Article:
This is the story of mass emigration from the Iveragh Peninsula in 1883. Two ships were chartered and assisted passage was provided to take entire families away from South Kerry to New York in this case. 1,200 in total left. ‘There were 253 pupils in the Ballyhearney National School before the 2nd ship sailed. The following week there were only 46. As a result the two old villages on Valentia, Clai na Cartan and Cnochan Cora Beg located in Coromore & Corabeg were decimated. Clai na Cartan had 50 houses in 1800, 21 houses in 1853 and only 1 house remained in the 1901 census. Cnonchan Cora Beag had about 60 houses at its height’. http://www.valentiaisland.ie
“In June 1883 two ships the Furnesia and the Belgravia came into Valentia Harbour and took a human cargo of 1,200 people from the Iveragh Peninsula to America.In 1845 at the start of the Great Famine, over 70,000 fled the country, with more than 50,000 going to the United States. In 1883 termed ‘the year of free emigration’, a total of 105,743 people left the country, almost 83,000 of them destined for the U.S. Much of this exodus was orchestrated by the unjust and pitiless land system where fair rent, fixity of tenure and free sale were non-existent.
But it was not until 1882 that there came any worthwhile government aid for emigration. This resulted from the crusading work of one James Hack Tuke, an honourable Quaker from the city of York who was active in charitable work in the West of Ireland. He was appalled by what he described as ‘the culmination of man’s degredation’. The Government of the day was unwilling to undertake the huge expense involved, but Tuke persisted until grants were available to intending emigrants at the rate of 5% per adult. Since the various shipping lines were offering steering passage to America for a little as £4 per adult, Tuke’s scheme became known as ‘Free Emigration.
The Cahirciveen guardians had despatched a number of emigrants via Queenstown (Cobh) in April 1883 and availing of Free Emigration, they entered into direct negotiations with the Anchor Line Shipping company for direct transport from Valentia Harbour. The Belgravia was the first ship to sail past the Lighthouse into Valentia Harbour and was reported as being the largest ship to ever enter Valentia Harbour up to that time.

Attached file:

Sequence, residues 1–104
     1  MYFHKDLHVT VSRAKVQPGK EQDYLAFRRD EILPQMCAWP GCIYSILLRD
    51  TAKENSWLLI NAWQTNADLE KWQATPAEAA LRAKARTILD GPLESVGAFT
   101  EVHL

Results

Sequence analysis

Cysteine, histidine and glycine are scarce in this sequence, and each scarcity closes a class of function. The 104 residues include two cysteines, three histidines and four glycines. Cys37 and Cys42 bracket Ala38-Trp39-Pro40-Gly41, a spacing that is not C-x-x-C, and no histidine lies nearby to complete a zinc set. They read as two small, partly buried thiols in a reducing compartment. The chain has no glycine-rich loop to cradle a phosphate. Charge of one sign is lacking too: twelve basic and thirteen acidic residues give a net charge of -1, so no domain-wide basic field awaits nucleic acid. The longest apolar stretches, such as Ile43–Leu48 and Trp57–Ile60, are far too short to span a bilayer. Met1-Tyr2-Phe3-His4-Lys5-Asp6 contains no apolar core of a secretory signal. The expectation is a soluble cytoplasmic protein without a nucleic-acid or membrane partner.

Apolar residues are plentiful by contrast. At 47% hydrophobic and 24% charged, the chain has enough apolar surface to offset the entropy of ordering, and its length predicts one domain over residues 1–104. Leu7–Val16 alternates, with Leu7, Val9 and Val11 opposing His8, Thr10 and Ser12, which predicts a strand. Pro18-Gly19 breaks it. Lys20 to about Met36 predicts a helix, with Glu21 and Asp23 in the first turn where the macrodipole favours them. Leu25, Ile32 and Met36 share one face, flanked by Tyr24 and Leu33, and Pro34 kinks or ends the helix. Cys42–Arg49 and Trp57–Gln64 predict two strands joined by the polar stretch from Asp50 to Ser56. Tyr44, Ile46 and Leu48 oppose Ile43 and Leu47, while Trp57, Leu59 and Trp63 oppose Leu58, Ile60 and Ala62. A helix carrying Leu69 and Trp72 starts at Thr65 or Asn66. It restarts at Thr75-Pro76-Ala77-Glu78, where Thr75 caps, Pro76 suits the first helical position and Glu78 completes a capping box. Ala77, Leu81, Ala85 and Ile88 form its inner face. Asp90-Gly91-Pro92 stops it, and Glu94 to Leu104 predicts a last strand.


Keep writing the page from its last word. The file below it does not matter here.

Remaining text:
Cahirciveen Parish Priest Rev. Canon Brosnan went on board and having gathered about him the emigrants of his own parish, gave them his blessing and farewell. The Belgravia left Valentia Harbour at 4pm on Saturday, June 2, 1883. The final parting was pathetic, touching and grief stricken. 763 embarked, of whom about 471 were adults, 273 children and 19 infants, with about a dozen deciding at the last moment to remain behind.
Just two weeks later, the Furnessia, a larger ship of the same line entered Valentia Harbour and transported a further batch of 436 state aided emigrants to America, making a grand total of 1,199 in one fortnight.The Kerry Examiner newspaper paid tribute to the exemplary conduct of the relatives and friends of the emigrants, of whom the reporter stated ‘a crowd of more than 5,000 assembled on the shores of Valentia and Renard to bid farewell to their dear ones about to leave for America’. Ten days after the Belgravia’s departure from Valentia a telegram announced the safe arrival of the emigrants in New York.
But the Furnessia’s passengers met with a frigid welcome in the United States. Fanned by local newspapers, opposition was growing to what was described as ‘Britain’s exportation of Irish paupers’. The New York Daily News carried the following blanket condemnation: ‘Hundreds of assisted emigrants arrived here on the Furnessia last evening. They contrasted unfavourable with the previous comers. Five heads of families came directly from the Cahirciveen workhouse. All of them were poorly clad, have no money and no friends. Their arrival excites much indignation’. Some were even sent home.